Fire chiefs, like any other administrators in charge of large organizations, must keep their eyes on the bottom line. But startling new statistics suggest that the financial bottom line isn`t the only “bottom” line we should be watching. Labeling unhealthy weight “a multibillion dollar drain on the U.S. economy,” Dr. C. Everett Koop, former U.S. Surgeon General, reported that the calculations of medical researchers put the cost of obesity at more than $100 billion annually. In addition, researchers calculated that the workdays lost to weight-related health problems amount to 52.6 million per year.

In December 1994, the C. Everett Koop Foundation issued a strong national wake-up call: “SHAPE UP, AMERICA!”1 The City of Gainesville, Florida, heard that wake-up call and made a call of its own–directly to Koop, inviting him to visit its employees, especially its firefighters, and review its three-year-old health and fitness program, LifeQuest. The resulting visit helped form a mutual-admiration society, earned high marks for the City of Gainesville, and provided Koop with a bird`s eye view of a fire station from a tower ladder.

Fine-tuning firefighters has been a long-term mission for the City of Gainesville. LifeQuest was the brainchild of Director of Risk Management Sam Evins, who analyzed city insurance expenditures and noticed an alarming trend: Not only were the costs rising exponentially, but more than two-thirds of the cases and dollars spent were possibly related to lifestyle–and might be preventable. The City of Gainesville Commission shared Evins` concern. Evins then launched LifeQuest, a health and fitness program aimed at helping employees get control of their diets and exercise programs. Within one year, the program proved successful. Costs declined. Absenteeism dropped. And, more important, employees were healthier and happier. So, how did they begin?


I`m told that LifeQuest began at the dinner table, literally. The City of Gainesville hired Kathryn Parker,2 a registered dietitian, to analyze and correct the firefighters` eating habits. It was easy to do because the firefighters were a “captive audience,” good cooks, and highly motivated by the lure of fitness. In the first two months of Parker`s program, the firefighters lost a collective 2,000 pounds…and no one really thought they were fat to begin with. First, Parker convinced the firefighters they were athletes and deserved the same professional, aggressive nutritional intervention she would afford to any elite athlete. Calling on her experience with the University of Florida Athletic Department, the United States Olympic Women`s Track and Field athletes, and the 100 New York City marathon runners she advises every year, Parker evaluated each firefighter and designed a personal program. The fire station kitchen became “the training table.” Weight plummeted as eating habits improved dramatically with small, simple changes: reducing fat and balancing the nutritional components. The only seemingly disgruntled people were Red Cross volunteers, who were accustomed to answering fire alarms with coffee and donuts for the wet, weary firefighters. After Parker`s influence, the firefighters preferred raw vegetables. And “celery and carrots are far more difficult to find and prepare at 3:00 in the morning,” good-natured Red Cross volunteer Shawn Snow says with a laugh.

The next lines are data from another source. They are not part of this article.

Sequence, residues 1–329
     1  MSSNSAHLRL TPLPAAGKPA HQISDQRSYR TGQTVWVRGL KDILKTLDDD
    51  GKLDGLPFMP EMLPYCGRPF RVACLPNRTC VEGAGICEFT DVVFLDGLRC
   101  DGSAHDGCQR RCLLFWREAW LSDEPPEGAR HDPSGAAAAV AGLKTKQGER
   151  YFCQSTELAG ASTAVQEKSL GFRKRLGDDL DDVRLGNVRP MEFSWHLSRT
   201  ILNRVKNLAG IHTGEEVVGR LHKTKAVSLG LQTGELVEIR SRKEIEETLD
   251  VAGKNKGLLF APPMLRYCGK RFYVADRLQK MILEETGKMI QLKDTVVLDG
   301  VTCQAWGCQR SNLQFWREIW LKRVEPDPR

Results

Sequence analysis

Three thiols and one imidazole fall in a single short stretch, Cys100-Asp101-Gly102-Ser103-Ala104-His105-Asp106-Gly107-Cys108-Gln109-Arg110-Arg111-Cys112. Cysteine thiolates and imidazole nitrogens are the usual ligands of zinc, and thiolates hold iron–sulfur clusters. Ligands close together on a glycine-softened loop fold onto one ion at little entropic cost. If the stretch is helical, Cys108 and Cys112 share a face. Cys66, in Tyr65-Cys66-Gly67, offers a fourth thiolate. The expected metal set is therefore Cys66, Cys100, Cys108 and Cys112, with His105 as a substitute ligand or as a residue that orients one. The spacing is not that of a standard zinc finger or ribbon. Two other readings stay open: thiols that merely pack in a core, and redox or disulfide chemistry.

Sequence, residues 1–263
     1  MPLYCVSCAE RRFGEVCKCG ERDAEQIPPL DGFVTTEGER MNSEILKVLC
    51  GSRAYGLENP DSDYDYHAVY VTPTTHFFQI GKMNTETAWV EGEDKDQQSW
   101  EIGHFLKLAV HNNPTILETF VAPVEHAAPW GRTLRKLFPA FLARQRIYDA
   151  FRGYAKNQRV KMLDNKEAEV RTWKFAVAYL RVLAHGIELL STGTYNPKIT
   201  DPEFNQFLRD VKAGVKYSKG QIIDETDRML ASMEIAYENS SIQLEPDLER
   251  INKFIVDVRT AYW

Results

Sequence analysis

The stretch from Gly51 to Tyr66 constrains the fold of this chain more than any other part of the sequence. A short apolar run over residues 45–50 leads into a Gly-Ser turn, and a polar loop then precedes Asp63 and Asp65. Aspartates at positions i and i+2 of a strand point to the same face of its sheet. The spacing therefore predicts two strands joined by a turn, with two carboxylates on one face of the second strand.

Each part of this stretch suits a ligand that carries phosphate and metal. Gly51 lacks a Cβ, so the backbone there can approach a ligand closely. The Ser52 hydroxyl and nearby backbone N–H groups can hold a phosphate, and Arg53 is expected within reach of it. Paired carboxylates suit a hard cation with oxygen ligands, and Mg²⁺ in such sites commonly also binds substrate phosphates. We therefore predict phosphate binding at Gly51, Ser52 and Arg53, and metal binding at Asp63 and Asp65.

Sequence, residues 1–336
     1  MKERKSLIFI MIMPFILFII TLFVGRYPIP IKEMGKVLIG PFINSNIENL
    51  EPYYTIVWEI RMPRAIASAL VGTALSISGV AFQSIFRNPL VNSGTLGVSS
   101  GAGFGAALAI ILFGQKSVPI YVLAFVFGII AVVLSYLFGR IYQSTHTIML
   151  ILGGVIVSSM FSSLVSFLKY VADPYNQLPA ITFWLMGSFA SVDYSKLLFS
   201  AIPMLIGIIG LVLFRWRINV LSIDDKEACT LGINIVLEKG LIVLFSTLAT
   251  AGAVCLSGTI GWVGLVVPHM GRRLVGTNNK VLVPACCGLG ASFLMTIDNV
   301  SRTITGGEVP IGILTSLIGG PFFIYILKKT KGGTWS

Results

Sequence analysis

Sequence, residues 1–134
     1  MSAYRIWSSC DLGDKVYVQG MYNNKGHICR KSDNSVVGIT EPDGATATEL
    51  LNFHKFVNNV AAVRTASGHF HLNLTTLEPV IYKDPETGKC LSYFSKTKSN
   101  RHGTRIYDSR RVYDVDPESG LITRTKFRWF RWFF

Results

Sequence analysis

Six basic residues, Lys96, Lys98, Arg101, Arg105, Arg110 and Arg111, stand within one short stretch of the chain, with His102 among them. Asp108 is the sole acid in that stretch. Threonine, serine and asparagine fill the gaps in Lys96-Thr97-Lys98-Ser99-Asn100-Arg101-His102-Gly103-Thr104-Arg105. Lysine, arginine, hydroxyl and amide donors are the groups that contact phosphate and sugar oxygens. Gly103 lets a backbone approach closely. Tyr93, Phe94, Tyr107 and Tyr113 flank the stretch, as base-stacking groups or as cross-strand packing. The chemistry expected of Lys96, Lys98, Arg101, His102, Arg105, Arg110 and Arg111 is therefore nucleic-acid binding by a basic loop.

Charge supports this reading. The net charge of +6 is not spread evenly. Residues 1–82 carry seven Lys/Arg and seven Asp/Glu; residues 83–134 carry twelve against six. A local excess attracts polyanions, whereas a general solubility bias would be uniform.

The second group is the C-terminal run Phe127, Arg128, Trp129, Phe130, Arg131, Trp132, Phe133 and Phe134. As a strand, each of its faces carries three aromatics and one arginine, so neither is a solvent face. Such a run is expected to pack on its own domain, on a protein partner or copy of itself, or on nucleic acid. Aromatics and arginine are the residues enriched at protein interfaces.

Good diet paid off. Lighter and feeling better, the firefighters were able to engage in physical activity more aggressively and effectively, getting better results from their workout programs, too. “Lean and mean,” the Gainesville firefighters have a nationally ranked combat team with a national champion, Cindy Divens, among them.


Like LifeQuest, C. Everett Koop`s Shape Up, America! places healthful weight and physical activity high on the agenda. Says Koop, “U.S. obesity rates, already among the highest in the world, are continuing to go up–from 25 percent of American adults in 1980 to 34 percent today. And, since being overweight is directly linked to a number of disabling and life-threatening diseases–diabetes, hypertension, heart disease, some forms of cancer, gallbladder disease, osteoarthritis, and gout–it is likely the disease rates related to obesity will also continue to rise. After smoking, which causes an estimated 500,000 deaths annually, obesity-related conditions are the second leading cause of death in the U.S., resulting in about 300,000 lives lost each year.” Sound like fire statistics, don`t they?

For firefighters who devote their careers to saving lives, it is logical we start with ourselves first. When a firefighter is truly healthy and physically fit, he or she brings maximum performance to the job for the customers and for colleagues–all of whom depend on best effort and deserve it. But, beyond job performance, being healthy and fit means that LIFE is better. n


1. Additional information is available from Dr. C. Everett Koop Foundation Health Letter, P.O. Box 1200, Southport, CT 06490; Ellen Latham, Shape Up, America!, (212) 944-5101.

2. Kathryn A. Parker, R.D., L.D., can be reached at the City of Gainesville, P.O. Box 490, Gainesville, FL 32602; (904) 334-2257.

MICHAEL F. STALEY, a former firefighter and EMT, is a motivational speaker and heads Port Orange, Florida-based Golden Hour Motivational Resources, through which he also provides consulting and speaking services.

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